kajarainbow: (Anisha)
Planetes is one of the most romantic very, very hard science-fiction things I've read, and one of the most people-centered. I find it interesting because it's all about personal, human reactions to the terrifying vastness and hazard of space. Makes the point that humans can't conquer space, too, just learn to live and hopefully thrive in it.

And it makes a strong case for space exploration. I'm all for that (there're a lot of genuine benefits to be gained), but I'm not sure our current model is the best. There's been a lot of politics in the history of NASA. It was formed to serve our government, and it still gets used for political agenda. And our Space Shuttle isn't even the best model of launch, its design came from bureaucratic reasons.

Frankly, I have the most hope for commercial efforts. Pure profit motivations might have their own limits in terms of goods without immediate financial return, but they sure do get things done a heck of a lot better than bureaucratic inertia. And we have companies all excited about space, heh. Quarterly profits might be the trend, but there're always some long-term thinking people.

And in the Planetes manga, it was governments who started a war filling orbits with debris bad enough to ground many spacecrafts for an indefinite period. For short-term political gain. Hard to see companies doing that. On the other hand, companies have a lot of consolidated power to pursue selfish agendas with. Sometimes those selfish agendas're widely beneficial (the company provides something that widely improves lives all around and makes a profit from it, too), sometimes narrowly beneficial and widely harmful (much what gets lobbied to government, etc.). The same forces are true for government, actually.

This has slid sideways onto other tangents tangled up in all kinds of issues associated with government and commercial motives. But those are issues inherent to funding, which is inherent to any large enough effort. Sigh.

Post-in-a-capsule: Space good. Money/power greed that helps everyone good, greed that hurts most people bad.
kajarainbow: (Default)
I have this friend. Now, the thing is, one thing that often annoys me about him? How whenever science finds something that's already obvious to him, he belittles this and wonders why they bothered. They bother because obviousness (or lack of it) is a poor guide to truth. Seriously, I can't even begin to count the numbers of times common sense have been proven absolutely wrong (but to confound things, it's sometimes right, too, heh). I like cold empiricism because looking at things without assumptions, or attempting to, and prodding at them and attempting to record the results as precisely as possible has historically proven a very useful guide to truth.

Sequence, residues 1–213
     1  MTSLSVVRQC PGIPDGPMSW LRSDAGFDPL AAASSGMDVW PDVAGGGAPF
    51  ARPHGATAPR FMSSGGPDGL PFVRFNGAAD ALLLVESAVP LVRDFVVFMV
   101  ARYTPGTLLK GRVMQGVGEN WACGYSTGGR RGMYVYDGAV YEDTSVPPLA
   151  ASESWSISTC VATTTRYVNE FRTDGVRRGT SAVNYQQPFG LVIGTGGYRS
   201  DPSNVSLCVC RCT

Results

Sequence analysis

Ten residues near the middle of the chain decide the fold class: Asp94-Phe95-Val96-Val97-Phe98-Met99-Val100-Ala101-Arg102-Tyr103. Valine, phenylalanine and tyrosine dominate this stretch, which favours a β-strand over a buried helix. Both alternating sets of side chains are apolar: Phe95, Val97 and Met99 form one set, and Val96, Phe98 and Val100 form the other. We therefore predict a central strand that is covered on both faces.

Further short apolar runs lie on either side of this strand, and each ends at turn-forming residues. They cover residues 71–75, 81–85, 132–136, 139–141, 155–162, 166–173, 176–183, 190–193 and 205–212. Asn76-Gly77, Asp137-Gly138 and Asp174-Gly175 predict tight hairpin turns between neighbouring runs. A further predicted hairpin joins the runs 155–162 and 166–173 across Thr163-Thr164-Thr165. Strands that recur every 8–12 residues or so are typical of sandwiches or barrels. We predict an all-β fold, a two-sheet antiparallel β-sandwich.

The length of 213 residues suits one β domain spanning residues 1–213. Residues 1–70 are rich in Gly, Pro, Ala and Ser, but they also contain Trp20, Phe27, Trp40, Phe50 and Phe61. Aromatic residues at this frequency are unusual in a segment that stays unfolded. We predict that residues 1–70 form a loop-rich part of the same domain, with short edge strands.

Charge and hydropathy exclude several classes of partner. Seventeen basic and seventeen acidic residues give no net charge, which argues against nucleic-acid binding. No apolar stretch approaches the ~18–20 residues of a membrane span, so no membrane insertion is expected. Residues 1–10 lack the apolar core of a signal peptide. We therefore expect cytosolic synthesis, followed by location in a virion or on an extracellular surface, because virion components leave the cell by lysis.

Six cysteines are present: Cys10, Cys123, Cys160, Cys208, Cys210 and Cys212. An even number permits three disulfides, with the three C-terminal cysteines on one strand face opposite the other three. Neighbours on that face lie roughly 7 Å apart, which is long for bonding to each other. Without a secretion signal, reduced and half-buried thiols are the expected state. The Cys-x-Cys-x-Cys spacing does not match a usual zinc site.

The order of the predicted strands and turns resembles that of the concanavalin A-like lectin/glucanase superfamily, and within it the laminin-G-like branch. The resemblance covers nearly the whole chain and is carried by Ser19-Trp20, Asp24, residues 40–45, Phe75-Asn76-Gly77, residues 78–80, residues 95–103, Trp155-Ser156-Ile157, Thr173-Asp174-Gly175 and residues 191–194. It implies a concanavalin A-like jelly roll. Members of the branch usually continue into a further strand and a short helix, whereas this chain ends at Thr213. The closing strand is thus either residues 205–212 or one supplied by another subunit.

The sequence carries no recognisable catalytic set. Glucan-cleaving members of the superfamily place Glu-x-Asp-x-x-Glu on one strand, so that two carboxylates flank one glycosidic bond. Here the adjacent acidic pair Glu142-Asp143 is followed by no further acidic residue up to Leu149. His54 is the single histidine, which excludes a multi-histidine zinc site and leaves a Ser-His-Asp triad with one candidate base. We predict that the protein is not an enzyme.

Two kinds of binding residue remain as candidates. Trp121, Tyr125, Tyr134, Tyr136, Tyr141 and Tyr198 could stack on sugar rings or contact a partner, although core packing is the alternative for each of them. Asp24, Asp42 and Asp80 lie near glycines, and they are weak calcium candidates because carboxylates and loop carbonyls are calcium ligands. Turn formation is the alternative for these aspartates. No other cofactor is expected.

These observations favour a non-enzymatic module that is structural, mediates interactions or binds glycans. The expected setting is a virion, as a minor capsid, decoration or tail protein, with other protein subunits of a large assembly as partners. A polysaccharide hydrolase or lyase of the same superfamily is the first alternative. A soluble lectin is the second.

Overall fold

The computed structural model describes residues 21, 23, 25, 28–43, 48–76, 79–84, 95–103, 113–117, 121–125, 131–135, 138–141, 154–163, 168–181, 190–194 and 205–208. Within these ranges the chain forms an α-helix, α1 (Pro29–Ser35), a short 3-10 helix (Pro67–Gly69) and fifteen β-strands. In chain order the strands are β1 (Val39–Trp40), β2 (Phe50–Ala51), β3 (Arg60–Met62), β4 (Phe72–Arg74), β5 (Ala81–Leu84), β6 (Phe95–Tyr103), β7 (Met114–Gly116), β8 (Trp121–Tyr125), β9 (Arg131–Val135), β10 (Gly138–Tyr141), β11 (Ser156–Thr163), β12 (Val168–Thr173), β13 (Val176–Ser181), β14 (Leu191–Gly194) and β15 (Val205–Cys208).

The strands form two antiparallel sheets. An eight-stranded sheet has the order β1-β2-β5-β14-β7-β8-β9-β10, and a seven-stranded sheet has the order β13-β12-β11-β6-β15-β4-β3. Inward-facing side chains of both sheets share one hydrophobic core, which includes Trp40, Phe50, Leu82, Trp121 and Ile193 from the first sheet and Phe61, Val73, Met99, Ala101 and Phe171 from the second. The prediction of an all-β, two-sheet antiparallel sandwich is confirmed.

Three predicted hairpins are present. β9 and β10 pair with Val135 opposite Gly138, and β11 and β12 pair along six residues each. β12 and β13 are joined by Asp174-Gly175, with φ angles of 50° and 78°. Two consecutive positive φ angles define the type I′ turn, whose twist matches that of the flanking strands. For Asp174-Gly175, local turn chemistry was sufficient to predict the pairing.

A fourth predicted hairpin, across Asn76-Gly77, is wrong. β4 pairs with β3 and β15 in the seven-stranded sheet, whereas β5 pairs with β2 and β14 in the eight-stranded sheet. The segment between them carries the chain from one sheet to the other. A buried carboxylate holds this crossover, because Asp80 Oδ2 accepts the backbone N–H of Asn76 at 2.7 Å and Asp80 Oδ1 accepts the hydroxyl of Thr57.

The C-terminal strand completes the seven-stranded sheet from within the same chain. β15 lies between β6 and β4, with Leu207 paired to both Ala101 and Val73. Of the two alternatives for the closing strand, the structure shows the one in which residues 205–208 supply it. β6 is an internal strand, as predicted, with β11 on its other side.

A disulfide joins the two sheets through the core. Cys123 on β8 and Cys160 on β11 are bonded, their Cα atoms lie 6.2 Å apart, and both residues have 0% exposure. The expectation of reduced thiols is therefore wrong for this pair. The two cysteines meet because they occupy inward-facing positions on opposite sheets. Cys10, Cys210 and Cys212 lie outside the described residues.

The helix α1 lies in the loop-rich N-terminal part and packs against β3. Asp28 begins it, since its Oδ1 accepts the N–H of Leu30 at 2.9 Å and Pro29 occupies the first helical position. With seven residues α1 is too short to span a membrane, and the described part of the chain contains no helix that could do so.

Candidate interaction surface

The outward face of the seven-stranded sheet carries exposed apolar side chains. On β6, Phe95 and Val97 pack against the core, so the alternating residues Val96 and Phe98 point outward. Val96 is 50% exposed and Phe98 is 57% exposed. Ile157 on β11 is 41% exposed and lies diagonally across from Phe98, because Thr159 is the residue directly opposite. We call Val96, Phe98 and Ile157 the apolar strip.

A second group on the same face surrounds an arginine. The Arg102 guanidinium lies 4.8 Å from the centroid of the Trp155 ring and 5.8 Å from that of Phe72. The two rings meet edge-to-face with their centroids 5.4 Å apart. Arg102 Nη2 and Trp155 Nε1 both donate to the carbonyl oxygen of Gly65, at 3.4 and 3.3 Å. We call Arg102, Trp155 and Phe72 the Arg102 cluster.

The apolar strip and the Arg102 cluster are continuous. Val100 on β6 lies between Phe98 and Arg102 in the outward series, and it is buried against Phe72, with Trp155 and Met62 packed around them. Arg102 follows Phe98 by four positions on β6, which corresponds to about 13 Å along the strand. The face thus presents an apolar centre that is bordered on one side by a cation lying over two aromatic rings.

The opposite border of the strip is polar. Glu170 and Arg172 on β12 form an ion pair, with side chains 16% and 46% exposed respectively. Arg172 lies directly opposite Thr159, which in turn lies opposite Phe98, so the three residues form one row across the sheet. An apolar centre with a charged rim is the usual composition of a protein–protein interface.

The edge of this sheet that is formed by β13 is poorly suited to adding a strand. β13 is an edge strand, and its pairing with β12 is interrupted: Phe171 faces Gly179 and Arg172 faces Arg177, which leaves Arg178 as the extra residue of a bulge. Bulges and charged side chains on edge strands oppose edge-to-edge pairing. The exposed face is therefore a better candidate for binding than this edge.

I've been taking somewhat of an interest in what is often called the "dismal science": economics. It's clock-full with this sort of things, all sorts of things that only make sense if one drops the preconceptions of ones upbringing and look at how the numbers tend to work out. Lots of very complicated issues. And, now, this is the sort of case I'm talking about. Ripple effects, unexpected consequences to even benevolent actions. A non-economics example: giving energy food bars to highly starved people and ending up hurting them because they can't handle the sheer amount of calories in their states. Yet another: everyone lending lots of something to a charity, burdening them with the costs of managing particular supplies way in excess of what they need. Like too much X and not enough Y.

I no longer trust good intentions as enough in themselves. I've increasingly come to see careful examination of action-and-consequence as an important, even crucial part of morality. Not that I would consider people evil for simply being mistaken, heh. It takes willful wrongness to earn that,, and I wouldn't toss the word out lightly. But this is why people who stick to rigid closed-mindedness bother and even alarm me: in my eyes, they lack an important part of morality. Evaluation, consideration, then decision.

I'm still trying to work out what I think about this whole economics thing. I've also learned some things from psychology and from anthropology, though I'm still a dabbler at best in all those fields. In many ways, I live to learn.


kajarainbow: (Default)

September 2018

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